WASHINGTON (Sputnik) — Democrats have repeatedly attempted to dismiss the revealing emails posted by WikiLeaks as "fake," claiming the leaks are part of a "Russian misinformation" campaign.
"Yes: Trump can still win," University of Houston Chair of History and African American Studies Professor Gerald Horne said on Tuesday. "Trump voters are highly motivated. They are more likely to go to the polls."
Also, despite the controversies surrounding him and the widely publicized defection of many senior figures from the Republican Party, Trump was still likely to win a majority of white voters in the US electorate, Horne maintained.
"The Democrats have not won a majority of the white vote since 1964."
"Trump still has a path to 270 votes in the Electoral College. He must win Florida, where he has a residence and where he is within the margin of error. He must win Ohio where his prospects are good. He must win Pennsylvania, which I concede maybe very difficult."
The passing of laws by many US state legislatures insisting that voters had to show valid current identification also tilted voting patterns potentially in Trump’s favor, Horne noted.
Potential Trump voters "are more likely to have IDs in an election when the laws in many states have been changed to require such identification before casting ballots," he said.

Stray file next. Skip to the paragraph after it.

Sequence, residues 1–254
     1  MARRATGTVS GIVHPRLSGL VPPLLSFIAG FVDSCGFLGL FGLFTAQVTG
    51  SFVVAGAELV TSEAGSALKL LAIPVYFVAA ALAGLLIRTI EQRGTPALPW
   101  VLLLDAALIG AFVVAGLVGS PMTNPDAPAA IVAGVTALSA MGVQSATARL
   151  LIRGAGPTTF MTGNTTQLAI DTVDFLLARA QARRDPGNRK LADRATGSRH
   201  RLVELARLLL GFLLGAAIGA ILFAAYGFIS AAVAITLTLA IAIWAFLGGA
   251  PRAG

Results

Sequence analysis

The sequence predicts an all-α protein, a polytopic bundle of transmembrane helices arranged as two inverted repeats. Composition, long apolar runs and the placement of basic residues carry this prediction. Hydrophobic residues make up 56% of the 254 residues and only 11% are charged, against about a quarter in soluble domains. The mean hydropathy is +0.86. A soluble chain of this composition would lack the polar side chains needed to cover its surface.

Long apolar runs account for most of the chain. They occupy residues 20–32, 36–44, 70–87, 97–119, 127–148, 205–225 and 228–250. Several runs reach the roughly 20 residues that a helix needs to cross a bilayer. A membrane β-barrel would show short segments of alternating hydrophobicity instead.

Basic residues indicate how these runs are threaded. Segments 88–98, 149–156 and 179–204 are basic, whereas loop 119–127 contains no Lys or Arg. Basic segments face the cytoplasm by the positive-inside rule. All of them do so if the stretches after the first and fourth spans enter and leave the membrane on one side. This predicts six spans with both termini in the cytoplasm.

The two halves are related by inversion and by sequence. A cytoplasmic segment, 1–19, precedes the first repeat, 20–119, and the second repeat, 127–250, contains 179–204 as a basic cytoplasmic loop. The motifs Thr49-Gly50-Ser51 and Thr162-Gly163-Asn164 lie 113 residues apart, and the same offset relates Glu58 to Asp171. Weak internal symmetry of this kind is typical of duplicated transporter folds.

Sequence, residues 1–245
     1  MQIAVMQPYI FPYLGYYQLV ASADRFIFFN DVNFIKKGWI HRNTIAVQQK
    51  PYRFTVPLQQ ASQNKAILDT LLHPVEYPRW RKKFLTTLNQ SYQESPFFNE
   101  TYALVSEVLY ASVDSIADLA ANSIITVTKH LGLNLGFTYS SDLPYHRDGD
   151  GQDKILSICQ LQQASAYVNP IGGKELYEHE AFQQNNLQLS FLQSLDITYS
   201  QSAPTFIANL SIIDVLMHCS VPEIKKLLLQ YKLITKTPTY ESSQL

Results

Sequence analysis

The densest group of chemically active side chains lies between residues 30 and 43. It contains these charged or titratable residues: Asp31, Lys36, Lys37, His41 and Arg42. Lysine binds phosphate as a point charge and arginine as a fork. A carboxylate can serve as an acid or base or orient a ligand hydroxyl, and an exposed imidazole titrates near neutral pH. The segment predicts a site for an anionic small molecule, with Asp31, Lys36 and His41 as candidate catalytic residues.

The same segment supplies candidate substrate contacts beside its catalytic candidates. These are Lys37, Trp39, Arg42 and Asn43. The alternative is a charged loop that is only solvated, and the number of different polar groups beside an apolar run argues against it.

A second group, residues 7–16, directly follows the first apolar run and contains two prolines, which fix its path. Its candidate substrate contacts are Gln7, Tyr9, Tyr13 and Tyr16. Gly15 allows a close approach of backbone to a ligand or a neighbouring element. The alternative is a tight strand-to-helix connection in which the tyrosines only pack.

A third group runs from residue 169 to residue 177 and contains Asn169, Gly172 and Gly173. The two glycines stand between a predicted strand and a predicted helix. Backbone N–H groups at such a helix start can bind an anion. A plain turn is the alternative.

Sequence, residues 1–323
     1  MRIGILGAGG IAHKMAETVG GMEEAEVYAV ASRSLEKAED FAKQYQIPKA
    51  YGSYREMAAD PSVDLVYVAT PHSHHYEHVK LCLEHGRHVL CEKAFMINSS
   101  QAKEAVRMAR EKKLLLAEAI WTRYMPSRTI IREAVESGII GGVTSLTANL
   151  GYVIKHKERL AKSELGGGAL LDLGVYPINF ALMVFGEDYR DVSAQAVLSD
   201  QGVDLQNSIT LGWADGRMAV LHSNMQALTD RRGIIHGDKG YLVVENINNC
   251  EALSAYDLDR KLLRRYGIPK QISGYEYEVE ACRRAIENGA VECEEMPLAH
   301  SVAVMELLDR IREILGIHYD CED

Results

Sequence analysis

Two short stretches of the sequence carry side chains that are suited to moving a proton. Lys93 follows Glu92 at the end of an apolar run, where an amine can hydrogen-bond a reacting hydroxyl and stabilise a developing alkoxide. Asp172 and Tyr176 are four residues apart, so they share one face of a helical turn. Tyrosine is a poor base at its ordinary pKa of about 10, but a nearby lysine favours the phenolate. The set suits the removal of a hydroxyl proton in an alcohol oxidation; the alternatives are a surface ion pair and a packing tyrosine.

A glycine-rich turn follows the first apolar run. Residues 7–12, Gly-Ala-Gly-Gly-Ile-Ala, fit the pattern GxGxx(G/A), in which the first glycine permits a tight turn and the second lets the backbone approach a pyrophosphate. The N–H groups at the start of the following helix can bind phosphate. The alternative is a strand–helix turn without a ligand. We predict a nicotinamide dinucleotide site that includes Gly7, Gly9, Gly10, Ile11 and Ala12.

The infrastructure for broad participation in the US election was also likely to disproportionately favor Trump over the Democrats, with their appeal to ethnic minorities, Horne argued.
Horne also cautioned against uncritically accepting the accuracy of opinion polls that currently suggested a decisive Clinton victory.
"Opinion polls in the United States do not have a good record [of accuracy]… I refer you to the polls in Great Britain before Brexit that suggested Brexit would not take place — but it did."
Political commentator and author James Bovard acknowledged that the polls currently suggested a decisive defeat for Trump, but said more embarrassing revelations about Hillary Clinton could still reverse that dynamic.
"The Republican backlash further transforms the Trump campaign into a version of George Custer at the Battle of Little Big Horn" when the US hero and his Seventh cavalry were destroyed by Native American warriors in 1876, Bovard suggested.
However, more WikiLeaks disclosures embarrassing to Clinton could still transform the campaign, he concluded.
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